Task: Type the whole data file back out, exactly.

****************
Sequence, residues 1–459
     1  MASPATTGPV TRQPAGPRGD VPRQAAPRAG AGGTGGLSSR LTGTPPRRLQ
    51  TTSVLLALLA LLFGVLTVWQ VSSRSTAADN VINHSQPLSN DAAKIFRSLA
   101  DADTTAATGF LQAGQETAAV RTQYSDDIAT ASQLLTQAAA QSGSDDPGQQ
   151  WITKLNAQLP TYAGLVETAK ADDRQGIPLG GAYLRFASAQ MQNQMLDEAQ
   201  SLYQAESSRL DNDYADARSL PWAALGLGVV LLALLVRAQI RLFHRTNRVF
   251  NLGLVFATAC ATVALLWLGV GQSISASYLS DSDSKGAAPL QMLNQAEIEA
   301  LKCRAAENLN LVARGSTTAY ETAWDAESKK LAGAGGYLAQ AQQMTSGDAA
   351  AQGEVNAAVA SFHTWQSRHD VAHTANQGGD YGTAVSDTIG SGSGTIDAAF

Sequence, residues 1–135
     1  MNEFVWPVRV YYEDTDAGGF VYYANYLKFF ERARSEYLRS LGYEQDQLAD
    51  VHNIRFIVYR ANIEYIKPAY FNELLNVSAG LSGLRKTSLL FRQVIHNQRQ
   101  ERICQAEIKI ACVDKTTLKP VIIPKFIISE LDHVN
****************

Sequence, residues 1–459
     1  MASPATTGPV TRQPAGPRGD VPRQAAPRAG AGGTGGLSSR LTGTPPRRLQ
    51  TTSVLLALLA LLFGVLTVWQ VSSRSTAADN VINHSQPLSN DAAKIFRSLA
   101  DADTTAATGF LQAGQETAAV RTQYSDDIAT ASQLLTQAAA QSGSDDPGQQ
   151  WITKLNAQLP TYAGLVETAK ADDRQGIPLG GAYLRFASAQ MQNQMLDEAQ
   201  SLYQAESSRL DNDYADARSL PWAALGLGVV LLALLVRAQI RLFHRTNRVF
   251  NLGLVFATAC ATVALLWLGV GQSISASYLS DSDSKGAAPL QMLNQAEIEA
   301  LKCRAAENLN LVARGSTTAY ETAWDAESKK LAGAGGYLAQ AQQMTSGDAA
   351  AQGEVNAAVA SFHTWQSRHD VAHTANQGGD YGTAVSDTIG SGSGTIDAAF

Sequence, residues 1–135
     1  MNEFVWPVRV YYEDTDAGGF VYYANYLKFF ERARSEYLRS LGYEQDQLAD
    51  VHNIRFIVYR ANIEYIKPAY FNELLNVSAG LSGLRKTSLL FRQVIHNQRQ
   101  ERICQAEIKI ACVDKTTLKP VIIPKFIISE LDHVN